Kay Redfield Jamison's Touched With Fire: Manic Depressive Illness and the Artistic Temeprament

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Kay Redfield Jamison's Touched With Fire: Manic Depressive Illness and the Artistic Temeprament

In Touched with Fire: Manic Depressive Illness and the Artistic Temperament, Kay
Redfield Jamison explores the compelling connection between mental disorders and artistic creativity. Artists have long been considered different from the general population, and one often hears tales of authors, painters, and composers who both struggle with and are inspired by their "madness". Jamison's text explores these stereotypes in a medical context, attributing some artists' irrational behaviors to mental disorders, particularly manic-depressive illness. In order to establish this link, Jamison presents an impressive collection of artists who have
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Conversely, during the attendant lows associated with mental illness, the afflicted person experiences lethargy and hopelessness. Artists, in particular, often experience a creative block during their depressive periods, resulting in an intense frustration with their decreased productivity. In turn, this frustration may drive an artist to substance abuse, or even suicide. Depression is not the only cause of detrimental and possibly dangerous changes to one's behavior. Mania, of course, does not simply produce more creative energy. During a manic period, one tends to lose their grasp on reality, which could prompt irrational impatience, excessive spending, and impulsive sexual relations. Both manic and depressive periods alter behavior significantly and pose a threat to the patient's life.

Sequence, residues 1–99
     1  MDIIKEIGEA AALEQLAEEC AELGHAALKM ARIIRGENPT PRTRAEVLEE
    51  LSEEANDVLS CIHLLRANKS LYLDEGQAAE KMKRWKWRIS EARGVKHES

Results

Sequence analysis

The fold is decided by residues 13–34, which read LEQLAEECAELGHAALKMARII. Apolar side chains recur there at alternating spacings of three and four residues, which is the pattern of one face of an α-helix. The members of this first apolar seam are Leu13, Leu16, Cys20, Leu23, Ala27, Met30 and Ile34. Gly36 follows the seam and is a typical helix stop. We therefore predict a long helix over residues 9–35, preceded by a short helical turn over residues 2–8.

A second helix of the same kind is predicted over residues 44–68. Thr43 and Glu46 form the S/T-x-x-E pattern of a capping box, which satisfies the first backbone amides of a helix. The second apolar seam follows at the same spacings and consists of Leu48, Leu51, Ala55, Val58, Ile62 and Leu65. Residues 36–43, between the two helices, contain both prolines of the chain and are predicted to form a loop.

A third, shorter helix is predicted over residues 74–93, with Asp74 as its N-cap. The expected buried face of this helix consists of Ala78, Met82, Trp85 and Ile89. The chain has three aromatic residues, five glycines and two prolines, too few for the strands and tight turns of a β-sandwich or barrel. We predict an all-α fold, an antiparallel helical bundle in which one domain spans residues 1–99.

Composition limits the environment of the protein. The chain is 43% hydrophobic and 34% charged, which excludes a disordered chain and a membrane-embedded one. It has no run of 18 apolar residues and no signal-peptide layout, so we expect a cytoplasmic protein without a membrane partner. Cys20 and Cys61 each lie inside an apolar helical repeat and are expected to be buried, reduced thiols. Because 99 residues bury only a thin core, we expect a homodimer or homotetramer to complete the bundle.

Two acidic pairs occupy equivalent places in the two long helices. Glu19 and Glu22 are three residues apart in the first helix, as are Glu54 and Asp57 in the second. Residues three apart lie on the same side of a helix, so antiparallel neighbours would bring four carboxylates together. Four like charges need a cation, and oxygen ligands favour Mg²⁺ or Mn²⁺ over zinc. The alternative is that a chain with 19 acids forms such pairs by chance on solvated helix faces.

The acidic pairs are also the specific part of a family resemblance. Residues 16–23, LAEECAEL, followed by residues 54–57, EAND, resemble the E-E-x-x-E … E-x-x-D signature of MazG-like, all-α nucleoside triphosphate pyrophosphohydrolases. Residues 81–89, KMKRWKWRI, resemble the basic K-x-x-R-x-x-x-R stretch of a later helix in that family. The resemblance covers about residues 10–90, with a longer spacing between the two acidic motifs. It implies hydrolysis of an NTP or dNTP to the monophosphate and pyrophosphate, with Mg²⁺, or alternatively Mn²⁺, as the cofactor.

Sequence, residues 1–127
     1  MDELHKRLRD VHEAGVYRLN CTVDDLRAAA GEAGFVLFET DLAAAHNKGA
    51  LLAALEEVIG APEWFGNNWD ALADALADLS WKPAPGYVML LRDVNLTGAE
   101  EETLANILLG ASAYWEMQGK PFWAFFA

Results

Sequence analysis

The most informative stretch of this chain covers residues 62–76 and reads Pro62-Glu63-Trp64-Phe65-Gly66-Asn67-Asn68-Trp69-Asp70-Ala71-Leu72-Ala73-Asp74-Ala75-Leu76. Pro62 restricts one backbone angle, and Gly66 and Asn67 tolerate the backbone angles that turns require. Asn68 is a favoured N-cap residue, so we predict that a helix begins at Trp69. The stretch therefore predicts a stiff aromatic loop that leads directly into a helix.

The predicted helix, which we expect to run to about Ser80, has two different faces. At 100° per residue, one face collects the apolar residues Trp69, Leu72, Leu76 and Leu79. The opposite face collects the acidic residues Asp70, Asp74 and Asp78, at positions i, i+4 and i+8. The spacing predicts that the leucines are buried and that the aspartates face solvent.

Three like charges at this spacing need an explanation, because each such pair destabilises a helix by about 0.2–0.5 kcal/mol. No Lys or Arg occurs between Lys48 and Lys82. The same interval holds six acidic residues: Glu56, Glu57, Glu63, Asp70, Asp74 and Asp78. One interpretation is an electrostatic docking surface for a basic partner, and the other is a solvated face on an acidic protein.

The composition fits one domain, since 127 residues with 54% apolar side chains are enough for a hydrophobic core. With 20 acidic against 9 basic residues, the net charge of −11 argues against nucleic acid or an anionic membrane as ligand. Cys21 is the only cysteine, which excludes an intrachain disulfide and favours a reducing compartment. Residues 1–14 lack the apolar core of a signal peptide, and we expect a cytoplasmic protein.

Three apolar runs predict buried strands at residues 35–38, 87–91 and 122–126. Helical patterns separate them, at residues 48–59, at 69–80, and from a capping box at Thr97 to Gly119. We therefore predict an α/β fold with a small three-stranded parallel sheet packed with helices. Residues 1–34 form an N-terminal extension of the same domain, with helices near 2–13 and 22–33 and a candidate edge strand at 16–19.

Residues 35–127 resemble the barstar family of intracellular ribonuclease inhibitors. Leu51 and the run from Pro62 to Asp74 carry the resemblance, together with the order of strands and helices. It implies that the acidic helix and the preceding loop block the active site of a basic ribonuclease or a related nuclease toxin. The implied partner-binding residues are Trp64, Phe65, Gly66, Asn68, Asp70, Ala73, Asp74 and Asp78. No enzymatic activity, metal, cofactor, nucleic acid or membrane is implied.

After outlining the effects of manic-depressive illness on human behavior, Jamison presents profiles of some of the numerous artists who have suffered from some sort of mental disturbance. Among the most notable manes are Picasso, van Gogh, Hemingway, Fitzgerald, and Poe. Additionally, Jamison discusses a number of lesser known artists who were affected by manic-depressive illness. Indeed, one cannot help but wonder if these men and women were prevented from reaching greater career heights by their mental disorders. Many studies concerning the link between creativity and mental illness have been conducted in recent

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